Report about the Fukushima field trip by a Tokyo Tech student

July 3, 2018

March 11, 2011 at 2.53,

an earthquake scored 9 on Richter scale hit the North Eastern part of Japan. The earthquake did not make much damage but a 14-meter-tall tsunami that followed caused blackout in Fukushima area including the nuclear power plant. The nuclear power plant uses heat from Uranium chain reaction fission to boil water into steam and turn the electricity generation turbine. This operation is safe as long as there is a sophisticated cooling system. However, when the waves hit, the cooling system shut down. Heat from the reaction started to melt down the structure. Zirconium rod that covered the fuel reacted with high temperature and created hydrogen gas. The generated hydrogen caused high pressure until the units exploded, releasing radioactive gas into the atmosphere. As a result, area around the plant became uninhabitable until now.

Figure 1 Workers on site

As a part of Japan Summer Program in Sustainable Development (JSPSD), we took a tour from “Real Fukushima” an agency that allow people to visit the real site. Since the whole town is still under the risk of high radiation, the screening process is very strict. They are well-prepared about the improvement report presentation. I was impressed by the attention they gave to ensure better working environment, for instance, designing full face mask with wider visual field to ease the work. The fastidious work on the workers’ safety reflects two things; first, the high risk in the area and second, the need for workers in the site despite that fact. The timer incorporated with radiation dose meter ticked down from 9 hours 30 minutes the moment we received them due to the regulation that 10 hours is the maximum time to stay on-site for security reasons.

Figure 2 Abandoned street of Okuma


Figure 3 A house in Okuma

Walking down the street in the abandoned city of Okuma, it feels unreal. The quietness and the emptiness made it difficult to imagine that it was once a lively area. Despite some ruins inside, most buildings were in considerably good condition. Belongings and furniture were left untouched the way they were 7 years ago – sandals on the ground, clothes on the sofa’s armrest and blinking traffic light. It looks as if time had stopped, its residents just went on a vacation and the town is still waiting for their return. However, there is next to no hope of returning. An officer from TEPCO Fukushima prefecture office mentioned that it takes long time and lots of money to restore the place and they do not know how many people really want to come back, so people are debating whether the attempt is just a waste of resources.

Figure 4 Mr.Suzuki’s house

Mr.Suzuki went on the bus with us. He is the owner of the nearest property to the Daiichi power plant, a beautiful Japanese-style wooden house. Suzuki family had lived there for 400 years but he allowed the government to use his house area to store radioactive waste since the house is in the difficult-to-return zone. Despite that fact, he still come back to maintain the small garden near the house every week saying he would like to hand it to the government in its best condition.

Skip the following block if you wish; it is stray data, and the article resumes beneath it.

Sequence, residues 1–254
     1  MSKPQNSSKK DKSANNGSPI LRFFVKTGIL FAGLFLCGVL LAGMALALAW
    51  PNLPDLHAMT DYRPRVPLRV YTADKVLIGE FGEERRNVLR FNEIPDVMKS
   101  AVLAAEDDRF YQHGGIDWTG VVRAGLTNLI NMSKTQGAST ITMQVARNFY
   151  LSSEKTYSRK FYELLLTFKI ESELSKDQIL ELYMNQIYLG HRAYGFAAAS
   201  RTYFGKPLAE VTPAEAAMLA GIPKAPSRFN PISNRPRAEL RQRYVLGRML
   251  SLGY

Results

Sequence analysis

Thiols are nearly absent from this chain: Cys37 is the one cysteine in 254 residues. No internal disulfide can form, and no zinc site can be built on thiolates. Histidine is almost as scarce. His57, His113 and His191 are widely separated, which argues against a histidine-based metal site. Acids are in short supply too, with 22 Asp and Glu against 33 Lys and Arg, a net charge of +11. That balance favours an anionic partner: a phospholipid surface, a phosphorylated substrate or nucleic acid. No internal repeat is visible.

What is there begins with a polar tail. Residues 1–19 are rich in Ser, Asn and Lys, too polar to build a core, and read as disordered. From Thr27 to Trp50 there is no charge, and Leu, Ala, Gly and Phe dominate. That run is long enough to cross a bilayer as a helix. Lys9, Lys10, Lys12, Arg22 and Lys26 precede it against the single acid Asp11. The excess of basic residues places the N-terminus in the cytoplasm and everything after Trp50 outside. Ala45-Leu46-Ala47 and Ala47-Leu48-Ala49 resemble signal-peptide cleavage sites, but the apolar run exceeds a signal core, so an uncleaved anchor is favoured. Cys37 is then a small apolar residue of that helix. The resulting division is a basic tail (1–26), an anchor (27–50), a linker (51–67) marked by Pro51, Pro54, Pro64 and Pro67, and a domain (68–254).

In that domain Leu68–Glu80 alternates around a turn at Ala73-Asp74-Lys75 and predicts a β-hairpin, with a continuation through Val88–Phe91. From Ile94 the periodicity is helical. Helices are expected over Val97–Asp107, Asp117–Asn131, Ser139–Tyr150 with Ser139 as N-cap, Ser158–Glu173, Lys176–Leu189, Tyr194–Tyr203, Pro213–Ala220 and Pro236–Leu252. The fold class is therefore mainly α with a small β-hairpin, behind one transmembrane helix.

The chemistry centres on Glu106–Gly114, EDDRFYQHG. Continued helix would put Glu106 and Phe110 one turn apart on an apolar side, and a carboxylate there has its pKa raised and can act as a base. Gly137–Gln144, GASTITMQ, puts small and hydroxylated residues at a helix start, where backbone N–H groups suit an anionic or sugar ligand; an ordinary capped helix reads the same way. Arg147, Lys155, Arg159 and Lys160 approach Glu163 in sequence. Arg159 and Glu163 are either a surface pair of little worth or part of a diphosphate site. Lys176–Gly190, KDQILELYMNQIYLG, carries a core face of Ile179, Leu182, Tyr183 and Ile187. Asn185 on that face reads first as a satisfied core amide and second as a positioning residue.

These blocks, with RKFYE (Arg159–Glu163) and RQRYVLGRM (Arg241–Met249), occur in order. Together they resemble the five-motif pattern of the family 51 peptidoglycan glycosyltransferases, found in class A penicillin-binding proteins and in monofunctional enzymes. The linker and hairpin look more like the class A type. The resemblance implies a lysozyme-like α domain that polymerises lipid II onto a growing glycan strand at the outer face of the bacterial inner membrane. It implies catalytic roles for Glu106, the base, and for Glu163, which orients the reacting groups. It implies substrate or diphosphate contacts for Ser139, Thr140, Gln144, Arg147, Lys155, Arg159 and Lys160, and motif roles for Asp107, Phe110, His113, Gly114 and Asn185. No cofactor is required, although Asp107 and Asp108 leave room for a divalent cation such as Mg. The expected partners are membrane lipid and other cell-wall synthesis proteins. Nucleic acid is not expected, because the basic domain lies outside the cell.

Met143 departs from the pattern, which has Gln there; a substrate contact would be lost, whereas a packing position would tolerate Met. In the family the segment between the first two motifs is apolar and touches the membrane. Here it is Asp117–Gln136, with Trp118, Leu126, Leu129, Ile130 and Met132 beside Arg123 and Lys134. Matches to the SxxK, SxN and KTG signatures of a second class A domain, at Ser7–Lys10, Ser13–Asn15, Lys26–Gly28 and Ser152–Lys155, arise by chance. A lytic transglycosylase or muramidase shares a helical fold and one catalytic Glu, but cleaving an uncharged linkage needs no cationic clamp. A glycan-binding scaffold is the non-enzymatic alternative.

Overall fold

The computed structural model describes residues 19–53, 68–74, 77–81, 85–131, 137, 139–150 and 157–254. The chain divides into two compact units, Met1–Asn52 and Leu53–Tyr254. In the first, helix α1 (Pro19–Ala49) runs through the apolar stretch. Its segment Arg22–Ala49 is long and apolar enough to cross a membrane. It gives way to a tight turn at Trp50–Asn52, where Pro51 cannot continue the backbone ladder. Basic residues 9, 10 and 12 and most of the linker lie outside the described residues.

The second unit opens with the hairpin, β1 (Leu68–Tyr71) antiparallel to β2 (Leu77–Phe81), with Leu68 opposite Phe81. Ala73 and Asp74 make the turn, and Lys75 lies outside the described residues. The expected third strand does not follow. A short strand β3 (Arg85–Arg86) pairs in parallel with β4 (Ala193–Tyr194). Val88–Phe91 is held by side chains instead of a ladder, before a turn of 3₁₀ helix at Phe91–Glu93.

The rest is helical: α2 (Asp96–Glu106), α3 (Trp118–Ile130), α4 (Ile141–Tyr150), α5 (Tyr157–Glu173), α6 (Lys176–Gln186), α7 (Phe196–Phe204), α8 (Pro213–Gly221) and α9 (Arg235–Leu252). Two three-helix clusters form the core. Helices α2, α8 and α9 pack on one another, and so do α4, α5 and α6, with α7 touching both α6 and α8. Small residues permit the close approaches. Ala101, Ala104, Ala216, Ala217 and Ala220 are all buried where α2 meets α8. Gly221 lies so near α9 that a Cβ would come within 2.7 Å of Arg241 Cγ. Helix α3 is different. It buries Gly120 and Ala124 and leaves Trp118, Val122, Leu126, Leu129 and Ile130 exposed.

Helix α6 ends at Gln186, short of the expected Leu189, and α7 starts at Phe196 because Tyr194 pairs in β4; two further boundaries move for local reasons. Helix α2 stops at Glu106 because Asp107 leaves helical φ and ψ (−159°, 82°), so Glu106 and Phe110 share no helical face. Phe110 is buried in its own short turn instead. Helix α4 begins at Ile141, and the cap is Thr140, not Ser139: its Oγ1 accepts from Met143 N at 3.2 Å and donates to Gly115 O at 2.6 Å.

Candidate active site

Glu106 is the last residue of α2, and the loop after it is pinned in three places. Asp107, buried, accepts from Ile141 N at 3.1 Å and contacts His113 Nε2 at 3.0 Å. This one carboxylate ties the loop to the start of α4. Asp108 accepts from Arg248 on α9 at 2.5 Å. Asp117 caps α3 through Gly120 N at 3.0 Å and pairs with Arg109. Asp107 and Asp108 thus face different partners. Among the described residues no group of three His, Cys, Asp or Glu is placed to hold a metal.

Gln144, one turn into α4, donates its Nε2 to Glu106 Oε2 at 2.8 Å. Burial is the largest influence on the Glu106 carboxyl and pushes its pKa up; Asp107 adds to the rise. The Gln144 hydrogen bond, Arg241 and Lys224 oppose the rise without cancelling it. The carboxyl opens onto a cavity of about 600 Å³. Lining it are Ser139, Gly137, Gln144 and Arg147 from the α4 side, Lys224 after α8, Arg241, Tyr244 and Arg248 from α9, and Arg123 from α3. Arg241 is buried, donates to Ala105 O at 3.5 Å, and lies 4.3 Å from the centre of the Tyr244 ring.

It’s sad to know that there are so many people unable to return home and it’s even more sad when I know that there is a possibility for another town to experience the same thing as long as we continue to use nuclear power without any further action.

Figure 5 Nuclear contaminated soil with no way to dispose yet


Figure 6 A field of nuclear contaminated waste


During the trip, I wonder why nuclear power plant got approved to be operated in the first place? No one has found the way to treat the nuclear waste yet. The best attempt is to store tons of nuclear waste in the inhabitable area. The process of cleaning the units will lasts for 30-40 years. After that they will try to clean the waste, but the method for that part is not discover yet. It is an incomplete technology relying on a not-yet-exist technology and not-yet-born-people to take care of it which does not fit the definition of sustainability at all.

Figure 7 JSPSD students listened to the story of the fish hatchery

Before this trip, I knew solid information about the incident as a big terrific incident, but not until I got to visit the real site that I realized how much a decision from the authority can have huge effect on the society, even generations after. From my field of interest and my ability, I would like to spread more awareness among the next generation, hoping that someday, the story told today might be able to prevent another authorized person from making a non-sustainable solution like this one or inspire someone to find the solution.

Figure 8 Calm wave at the same shore the tsunami hit

Looking at the calm wave at the same shore the tsunami hit makes me realized once again of how less we can expect things to be. The only thing we can control is our action. Like Mr. Suzuki did, whether the government will keep the house or not is none of his business, he just takes pleasure in keeping the garden neat. Same to us, we don’t know how the world will react to our effort, so our job is just to do our best in whatever we want to do.

Well, at least I believe so

…and I will do so.

Maythawee Ratchatawijin (GSEP student, Tokyo Tech)